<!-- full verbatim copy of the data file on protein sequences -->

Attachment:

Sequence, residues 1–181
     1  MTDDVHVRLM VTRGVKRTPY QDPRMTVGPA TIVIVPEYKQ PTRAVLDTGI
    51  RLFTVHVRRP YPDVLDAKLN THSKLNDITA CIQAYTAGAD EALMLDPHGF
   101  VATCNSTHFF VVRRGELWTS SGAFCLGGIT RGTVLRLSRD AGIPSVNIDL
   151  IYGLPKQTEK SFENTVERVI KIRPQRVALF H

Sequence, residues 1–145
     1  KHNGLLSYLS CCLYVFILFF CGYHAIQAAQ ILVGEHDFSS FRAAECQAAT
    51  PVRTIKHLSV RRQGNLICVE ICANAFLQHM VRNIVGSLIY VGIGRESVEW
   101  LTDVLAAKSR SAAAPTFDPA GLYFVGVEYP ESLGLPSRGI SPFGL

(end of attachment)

Sequence, residues 1–181
     1  MTDDVHVRLM VTRGVKRTPY QDPRMTVGPA TIVIVPEYKQ PTRAVLDTGI
    51  RLFTVHVRRP YPDVLDAKLN THSKLNDITA CIQAYTAGAD EALMLDPHGF
   101  VATCNSTHFF VVRRGELWTS SGAFCLGGIT RGTVLRLSRD AGIPSVNIDL
   151  IYGLPKQTEK SFENTVERVI KIRPQRVALF H

Sequence, residues 1–145
     1  KHNGLLSYLS CCLYVFILFF CGYHAIQAAQ ILVGEHDFSS FRAAECQAAT
    51  PVRTIKHLSV RRQGNLICVE ICANAFLQHM VRNIVGSLIY VGIGRESVEW
   101  LTDVLAAKSR SAAAPTFDPA GLYFVGVEYP ESLGLPSRGI SPFGL